Dear Girls: Be Who You Are

Growing up, I was always known as bossy, loud, and not polite enough. I always knew what I wanted, and I knew how to respond to someone before they even finished talking. I always got called out for being this way, and I never understood why. I felt as if I wasn’t allowed to be sure of myself. Growing up, I realized that men were allowed to be bossy and to be whatever it is that they wanted to be. Men were allowed to be determined and assertive. Maybe this was something I saw because I was raised in a Hispanic household. My father was very aggressive and thought he could push everyone around. Although my mother decided she’d had enough and said “no more” to my father, my step-father’s needs still always come first. If I’m assertive then I’m stuck up or rude. If a man is assertive, he’s a leader or a boss.

 

As I got older, I realized that, according to society, women aren’t “allowed” to do a lot of things, and they are expected to be a particular way. For example, if we are not skinny, tall, covered in makeup, and polite, we are “fat,” “pig,” “disgusting animals.” And, that’s according to the current president of the United States. (“Donald Trump Sexism Tracker, Telegraph). It’s not just men who seem to think this way. One time, I was at work and overheard a conversation between a mother and her daughter. The mother was explaining that a woman should always wear makeup. When I interrupted to say that I, who wasn’t wearing makeup that day, disagreed, she asked you’re not afraid of how men will look at you?”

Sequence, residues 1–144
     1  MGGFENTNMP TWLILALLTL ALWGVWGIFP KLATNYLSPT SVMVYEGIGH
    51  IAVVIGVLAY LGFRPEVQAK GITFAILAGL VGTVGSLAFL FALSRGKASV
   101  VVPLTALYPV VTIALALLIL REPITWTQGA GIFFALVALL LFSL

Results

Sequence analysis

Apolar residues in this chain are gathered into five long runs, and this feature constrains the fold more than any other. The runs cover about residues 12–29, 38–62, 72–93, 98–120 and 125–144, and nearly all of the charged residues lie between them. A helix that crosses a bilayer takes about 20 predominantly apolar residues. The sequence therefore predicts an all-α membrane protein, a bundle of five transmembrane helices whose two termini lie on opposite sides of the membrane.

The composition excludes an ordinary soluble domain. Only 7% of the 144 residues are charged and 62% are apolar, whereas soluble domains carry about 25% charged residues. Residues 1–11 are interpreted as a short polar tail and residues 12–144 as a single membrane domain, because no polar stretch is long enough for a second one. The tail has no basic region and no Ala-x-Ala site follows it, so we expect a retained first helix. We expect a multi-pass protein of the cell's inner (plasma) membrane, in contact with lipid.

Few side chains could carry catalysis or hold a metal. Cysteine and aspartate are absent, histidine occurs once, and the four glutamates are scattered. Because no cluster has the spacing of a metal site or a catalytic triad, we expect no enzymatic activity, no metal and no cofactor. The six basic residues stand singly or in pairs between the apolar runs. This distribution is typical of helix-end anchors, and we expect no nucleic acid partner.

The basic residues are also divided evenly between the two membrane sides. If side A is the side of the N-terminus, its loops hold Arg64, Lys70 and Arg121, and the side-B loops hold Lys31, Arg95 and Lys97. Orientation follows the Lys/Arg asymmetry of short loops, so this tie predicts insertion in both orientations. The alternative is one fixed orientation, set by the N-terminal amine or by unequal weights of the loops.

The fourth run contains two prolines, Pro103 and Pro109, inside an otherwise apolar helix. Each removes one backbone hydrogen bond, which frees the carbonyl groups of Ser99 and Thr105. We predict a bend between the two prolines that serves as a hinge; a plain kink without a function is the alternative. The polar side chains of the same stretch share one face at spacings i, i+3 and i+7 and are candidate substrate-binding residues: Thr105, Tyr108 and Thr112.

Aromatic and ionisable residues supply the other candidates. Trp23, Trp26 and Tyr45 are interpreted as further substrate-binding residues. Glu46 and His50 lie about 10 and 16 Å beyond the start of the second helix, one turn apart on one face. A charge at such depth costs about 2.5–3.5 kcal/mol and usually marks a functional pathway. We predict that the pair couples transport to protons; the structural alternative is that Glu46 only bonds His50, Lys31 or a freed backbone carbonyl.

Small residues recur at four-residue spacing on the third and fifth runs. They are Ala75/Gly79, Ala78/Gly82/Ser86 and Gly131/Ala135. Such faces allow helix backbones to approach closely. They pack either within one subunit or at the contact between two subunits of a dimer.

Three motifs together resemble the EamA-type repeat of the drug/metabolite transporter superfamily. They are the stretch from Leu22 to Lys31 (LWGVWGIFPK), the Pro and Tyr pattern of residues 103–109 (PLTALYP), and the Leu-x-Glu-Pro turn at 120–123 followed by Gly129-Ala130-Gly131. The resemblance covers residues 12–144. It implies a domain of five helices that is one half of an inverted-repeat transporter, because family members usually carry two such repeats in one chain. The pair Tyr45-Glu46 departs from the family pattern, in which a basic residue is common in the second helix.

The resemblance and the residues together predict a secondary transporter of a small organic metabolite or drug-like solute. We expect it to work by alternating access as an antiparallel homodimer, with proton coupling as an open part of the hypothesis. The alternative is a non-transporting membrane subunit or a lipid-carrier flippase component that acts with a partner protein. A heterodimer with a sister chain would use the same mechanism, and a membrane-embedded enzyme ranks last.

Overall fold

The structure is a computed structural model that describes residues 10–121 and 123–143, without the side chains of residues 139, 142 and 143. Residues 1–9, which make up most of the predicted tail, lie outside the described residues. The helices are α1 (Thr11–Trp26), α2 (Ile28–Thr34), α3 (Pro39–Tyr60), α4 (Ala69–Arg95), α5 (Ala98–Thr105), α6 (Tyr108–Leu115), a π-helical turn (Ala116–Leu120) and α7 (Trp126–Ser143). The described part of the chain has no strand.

I can’t thank god enough for surrounding me with all strong and independent women who taught me to be myself and to never be sorry for being the person that Iam. Growing up (and to this day) my mom talks to me about never ever relying on anyone but myself, to never give a man the power to say “if it weren’t for me, you wouldn’t have that.” I learned to be independent and to work hard to be able to succeed on my own. I want to be sure of myself, and, if that means I’m bossy, so be it.

I want my niece to be successful, to be able to own something for herself, by herself–because of her hard work and not because someone handed it to her. I want her to be bossy, to be sure of herself, and to be assertive. I want her to push down the stereotype of what a woman should be. I don’t want her in that box. I want her to say, “I want to be like my aunt. I want to be like her.” So, I know that I have to continue to be who I know I should be and not who others tell me I should be.

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